What are the contraindications for surgical ligation to treat patent ductus arteriosus (PDA)?

Updated: Nov 20, 2018
  • Author: Luke K Kim, MD; Chief Editor: Stuart Berger, MD  more...
  • Print
Answer

The primary contraindication to repair is severe pulmonary vascular disease. If transient intraoperative occlusion of the patent ductus arteriosus (PDA) does not decrease elevated pulmonary arterial pressures with a subsequent increase in aortic pressure, then the closure must be undertaken carefully and may be contraindicated. Closure of the ductus does not reverse preexisting pulmonary vascular disease.

A subset of associated cardiac anomalies—so-called ductal-dependent lesions—depend on flow through the patent ductus arteriosus (PDA) to maintain systemic blood flow. Premature closure of the ductus without concurrent repair of the following defects is contraindicated and may be fatal:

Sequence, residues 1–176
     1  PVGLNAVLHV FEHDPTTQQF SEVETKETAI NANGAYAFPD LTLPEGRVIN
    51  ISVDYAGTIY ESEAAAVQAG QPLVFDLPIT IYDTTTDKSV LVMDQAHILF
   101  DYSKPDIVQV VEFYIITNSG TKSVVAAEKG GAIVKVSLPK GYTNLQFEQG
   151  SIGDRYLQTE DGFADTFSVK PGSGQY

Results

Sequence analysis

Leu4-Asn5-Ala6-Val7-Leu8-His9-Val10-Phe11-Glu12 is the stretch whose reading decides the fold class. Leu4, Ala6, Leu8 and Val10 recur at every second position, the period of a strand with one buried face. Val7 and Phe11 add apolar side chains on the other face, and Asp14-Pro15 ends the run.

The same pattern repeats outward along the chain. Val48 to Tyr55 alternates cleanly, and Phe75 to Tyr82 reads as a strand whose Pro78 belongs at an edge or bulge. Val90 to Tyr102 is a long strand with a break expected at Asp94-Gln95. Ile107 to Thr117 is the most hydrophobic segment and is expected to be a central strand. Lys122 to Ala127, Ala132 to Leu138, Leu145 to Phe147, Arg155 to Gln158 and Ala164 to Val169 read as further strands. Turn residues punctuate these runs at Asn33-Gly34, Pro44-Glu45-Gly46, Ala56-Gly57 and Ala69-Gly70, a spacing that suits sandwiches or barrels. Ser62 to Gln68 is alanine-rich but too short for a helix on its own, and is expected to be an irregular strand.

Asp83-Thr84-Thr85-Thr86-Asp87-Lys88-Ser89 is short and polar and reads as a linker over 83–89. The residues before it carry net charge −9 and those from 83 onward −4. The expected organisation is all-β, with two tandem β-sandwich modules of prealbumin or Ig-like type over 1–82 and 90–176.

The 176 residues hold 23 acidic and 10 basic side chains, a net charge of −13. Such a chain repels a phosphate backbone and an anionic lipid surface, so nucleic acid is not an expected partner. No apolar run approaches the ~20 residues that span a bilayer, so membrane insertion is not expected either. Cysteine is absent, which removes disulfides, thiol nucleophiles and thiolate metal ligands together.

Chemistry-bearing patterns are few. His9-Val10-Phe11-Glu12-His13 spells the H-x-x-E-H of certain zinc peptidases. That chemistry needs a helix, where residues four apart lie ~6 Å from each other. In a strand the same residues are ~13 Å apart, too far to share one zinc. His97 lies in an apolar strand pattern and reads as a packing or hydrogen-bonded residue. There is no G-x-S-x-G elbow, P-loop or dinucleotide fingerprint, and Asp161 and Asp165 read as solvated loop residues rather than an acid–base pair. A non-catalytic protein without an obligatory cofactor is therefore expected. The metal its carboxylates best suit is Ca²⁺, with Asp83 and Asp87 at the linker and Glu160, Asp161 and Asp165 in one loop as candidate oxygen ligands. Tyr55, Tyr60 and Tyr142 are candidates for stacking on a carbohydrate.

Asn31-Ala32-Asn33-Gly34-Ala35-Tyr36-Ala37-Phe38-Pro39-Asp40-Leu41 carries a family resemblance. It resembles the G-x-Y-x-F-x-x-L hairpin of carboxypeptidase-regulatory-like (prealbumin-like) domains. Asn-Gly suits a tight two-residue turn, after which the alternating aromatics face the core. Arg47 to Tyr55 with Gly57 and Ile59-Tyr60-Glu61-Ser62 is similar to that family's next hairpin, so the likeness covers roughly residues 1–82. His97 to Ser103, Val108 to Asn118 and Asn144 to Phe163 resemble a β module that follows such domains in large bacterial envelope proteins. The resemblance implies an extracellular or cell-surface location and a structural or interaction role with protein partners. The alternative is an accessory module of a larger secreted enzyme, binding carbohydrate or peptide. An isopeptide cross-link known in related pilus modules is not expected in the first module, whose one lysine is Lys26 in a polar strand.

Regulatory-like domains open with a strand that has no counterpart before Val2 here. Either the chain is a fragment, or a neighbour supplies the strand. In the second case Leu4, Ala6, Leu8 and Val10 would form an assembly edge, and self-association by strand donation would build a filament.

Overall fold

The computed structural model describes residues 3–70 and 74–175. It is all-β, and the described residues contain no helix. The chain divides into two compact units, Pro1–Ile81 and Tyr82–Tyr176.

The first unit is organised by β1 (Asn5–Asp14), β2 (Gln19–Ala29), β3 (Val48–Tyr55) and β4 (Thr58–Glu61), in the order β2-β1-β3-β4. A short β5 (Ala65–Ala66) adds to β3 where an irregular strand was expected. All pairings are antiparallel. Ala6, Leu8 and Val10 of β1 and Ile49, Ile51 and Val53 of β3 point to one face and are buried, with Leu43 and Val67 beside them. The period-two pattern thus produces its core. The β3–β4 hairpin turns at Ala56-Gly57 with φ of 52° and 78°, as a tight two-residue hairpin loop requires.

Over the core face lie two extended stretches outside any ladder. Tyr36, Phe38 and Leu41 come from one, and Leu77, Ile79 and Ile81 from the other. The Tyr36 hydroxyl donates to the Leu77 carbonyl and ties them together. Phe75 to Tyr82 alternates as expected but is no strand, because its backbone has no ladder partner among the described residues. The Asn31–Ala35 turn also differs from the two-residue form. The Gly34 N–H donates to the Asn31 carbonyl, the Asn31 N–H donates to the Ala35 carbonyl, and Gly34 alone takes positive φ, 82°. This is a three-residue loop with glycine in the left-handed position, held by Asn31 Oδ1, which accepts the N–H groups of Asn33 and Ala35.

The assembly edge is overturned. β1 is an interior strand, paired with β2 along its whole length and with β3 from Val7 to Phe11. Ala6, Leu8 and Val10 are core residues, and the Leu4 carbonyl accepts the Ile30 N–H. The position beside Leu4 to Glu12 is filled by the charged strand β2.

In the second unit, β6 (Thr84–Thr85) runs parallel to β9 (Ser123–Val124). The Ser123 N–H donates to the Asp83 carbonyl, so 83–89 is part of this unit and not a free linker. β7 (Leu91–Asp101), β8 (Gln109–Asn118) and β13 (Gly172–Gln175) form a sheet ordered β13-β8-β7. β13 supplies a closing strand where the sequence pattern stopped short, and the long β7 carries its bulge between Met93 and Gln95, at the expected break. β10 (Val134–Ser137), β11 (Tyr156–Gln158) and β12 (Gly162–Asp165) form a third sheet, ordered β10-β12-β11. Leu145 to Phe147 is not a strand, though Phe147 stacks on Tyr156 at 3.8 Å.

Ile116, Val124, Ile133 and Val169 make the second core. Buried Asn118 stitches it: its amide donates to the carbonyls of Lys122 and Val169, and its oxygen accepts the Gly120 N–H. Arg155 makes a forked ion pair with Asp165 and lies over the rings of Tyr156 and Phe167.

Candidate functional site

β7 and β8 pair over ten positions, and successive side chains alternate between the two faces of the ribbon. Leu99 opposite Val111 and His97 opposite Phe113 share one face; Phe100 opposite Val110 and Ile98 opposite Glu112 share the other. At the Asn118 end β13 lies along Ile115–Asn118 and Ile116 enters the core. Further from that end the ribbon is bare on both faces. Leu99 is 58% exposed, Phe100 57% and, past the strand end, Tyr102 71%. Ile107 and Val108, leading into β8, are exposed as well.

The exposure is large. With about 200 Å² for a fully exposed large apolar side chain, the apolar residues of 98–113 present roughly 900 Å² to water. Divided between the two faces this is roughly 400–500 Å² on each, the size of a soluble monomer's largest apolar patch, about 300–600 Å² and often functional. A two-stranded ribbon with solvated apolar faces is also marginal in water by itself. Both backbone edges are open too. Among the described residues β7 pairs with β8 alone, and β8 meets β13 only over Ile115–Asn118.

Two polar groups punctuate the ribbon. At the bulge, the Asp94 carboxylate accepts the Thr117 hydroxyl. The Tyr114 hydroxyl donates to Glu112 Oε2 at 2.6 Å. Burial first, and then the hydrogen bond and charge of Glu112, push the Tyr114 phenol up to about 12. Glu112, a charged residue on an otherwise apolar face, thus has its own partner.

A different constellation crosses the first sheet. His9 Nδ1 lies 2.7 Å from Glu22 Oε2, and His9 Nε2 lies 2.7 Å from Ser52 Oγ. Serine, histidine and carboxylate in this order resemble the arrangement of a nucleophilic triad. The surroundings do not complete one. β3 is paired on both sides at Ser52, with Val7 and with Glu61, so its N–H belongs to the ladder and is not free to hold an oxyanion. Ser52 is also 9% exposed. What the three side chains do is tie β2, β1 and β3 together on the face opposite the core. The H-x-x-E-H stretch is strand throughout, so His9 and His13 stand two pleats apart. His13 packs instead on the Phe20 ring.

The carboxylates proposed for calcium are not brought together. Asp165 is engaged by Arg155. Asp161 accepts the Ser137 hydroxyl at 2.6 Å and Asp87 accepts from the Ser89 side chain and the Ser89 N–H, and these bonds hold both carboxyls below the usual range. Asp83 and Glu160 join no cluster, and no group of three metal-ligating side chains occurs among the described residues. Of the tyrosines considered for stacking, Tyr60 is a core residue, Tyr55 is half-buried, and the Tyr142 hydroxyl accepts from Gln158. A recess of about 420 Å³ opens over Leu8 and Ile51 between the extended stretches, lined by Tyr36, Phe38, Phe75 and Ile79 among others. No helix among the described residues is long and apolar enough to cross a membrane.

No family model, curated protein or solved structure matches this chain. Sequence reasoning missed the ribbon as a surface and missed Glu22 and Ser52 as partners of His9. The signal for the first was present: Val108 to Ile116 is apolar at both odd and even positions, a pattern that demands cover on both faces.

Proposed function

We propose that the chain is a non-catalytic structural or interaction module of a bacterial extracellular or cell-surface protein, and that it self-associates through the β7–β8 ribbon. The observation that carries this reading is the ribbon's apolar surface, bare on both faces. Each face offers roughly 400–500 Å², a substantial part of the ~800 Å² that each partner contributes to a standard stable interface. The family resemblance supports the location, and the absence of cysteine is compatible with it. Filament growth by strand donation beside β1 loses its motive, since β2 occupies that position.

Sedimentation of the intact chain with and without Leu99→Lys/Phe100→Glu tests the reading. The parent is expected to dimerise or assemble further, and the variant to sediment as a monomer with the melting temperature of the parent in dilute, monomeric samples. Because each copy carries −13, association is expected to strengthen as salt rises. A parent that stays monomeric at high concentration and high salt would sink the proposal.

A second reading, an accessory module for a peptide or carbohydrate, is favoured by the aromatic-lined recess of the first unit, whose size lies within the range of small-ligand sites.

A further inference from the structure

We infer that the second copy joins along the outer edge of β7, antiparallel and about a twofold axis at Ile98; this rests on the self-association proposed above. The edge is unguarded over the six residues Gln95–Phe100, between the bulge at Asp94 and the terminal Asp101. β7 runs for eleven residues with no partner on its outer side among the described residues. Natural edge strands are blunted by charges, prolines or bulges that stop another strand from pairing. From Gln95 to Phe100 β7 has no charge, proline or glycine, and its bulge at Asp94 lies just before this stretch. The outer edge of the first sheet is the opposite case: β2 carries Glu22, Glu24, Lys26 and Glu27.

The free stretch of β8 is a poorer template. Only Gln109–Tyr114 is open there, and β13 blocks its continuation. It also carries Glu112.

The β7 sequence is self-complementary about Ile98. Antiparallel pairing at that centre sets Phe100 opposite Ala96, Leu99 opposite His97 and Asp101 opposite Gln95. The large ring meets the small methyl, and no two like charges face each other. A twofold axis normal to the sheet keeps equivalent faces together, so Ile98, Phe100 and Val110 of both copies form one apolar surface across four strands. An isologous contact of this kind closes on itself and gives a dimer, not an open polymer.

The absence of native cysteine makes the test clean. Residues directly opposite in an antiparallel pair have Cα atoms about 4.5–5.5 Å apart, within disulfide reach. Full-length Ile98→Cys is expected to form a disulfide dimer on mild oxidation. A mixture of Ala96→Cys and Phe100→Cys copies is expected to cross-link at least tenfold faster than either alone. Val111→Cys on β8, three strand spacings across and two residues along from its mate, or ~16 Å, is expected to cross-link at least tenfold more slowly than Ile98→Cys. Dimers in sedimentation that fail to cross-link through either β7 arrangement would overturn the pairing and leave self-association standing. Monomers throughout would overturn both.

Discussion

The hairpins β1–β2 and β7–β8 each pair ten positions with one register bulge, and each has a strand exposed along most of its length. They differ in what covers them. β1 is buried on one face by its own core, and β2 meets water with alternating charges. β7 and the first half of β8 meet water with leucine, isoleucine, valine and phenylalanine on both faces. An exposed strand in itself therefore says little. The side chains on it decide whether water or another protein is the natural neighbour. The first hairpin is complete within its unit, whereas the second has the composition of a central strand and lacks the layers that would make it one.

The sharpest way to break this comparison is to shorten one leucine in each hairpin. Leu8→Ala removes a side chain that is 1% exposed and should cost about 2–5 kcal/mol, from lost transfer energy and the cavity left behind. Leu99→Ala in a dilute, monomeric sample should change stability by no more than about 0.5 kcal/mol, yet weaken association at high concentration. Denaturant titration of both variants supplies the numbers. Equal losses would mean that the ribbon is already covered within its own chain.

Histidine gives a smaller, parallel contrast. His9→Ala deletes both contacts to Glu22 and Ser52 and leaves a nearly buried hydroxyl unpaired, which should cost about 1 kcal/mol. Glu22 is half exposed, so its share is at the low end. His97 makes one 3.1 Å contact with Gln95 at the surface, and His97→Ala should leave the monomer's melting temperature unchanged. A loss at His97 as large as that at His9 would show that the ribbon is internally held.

• Aortic valve atresia

  • Mitral valve atresia with hypoplastic left ventricle

  • Pulmonary artery hypoplasia

  • Pulmonary atresia

  • Severe coarctation of the aorta

  • Tricuspid atresia

  • Transposition of the great arteries

Other contraindications to surgical closure include concurrent uncontrolled sepsis and an inability of the patient to tolerate general anesthesia.


Did this answer your question?
Additional feedback? (Optional)
Thank you for your feedback!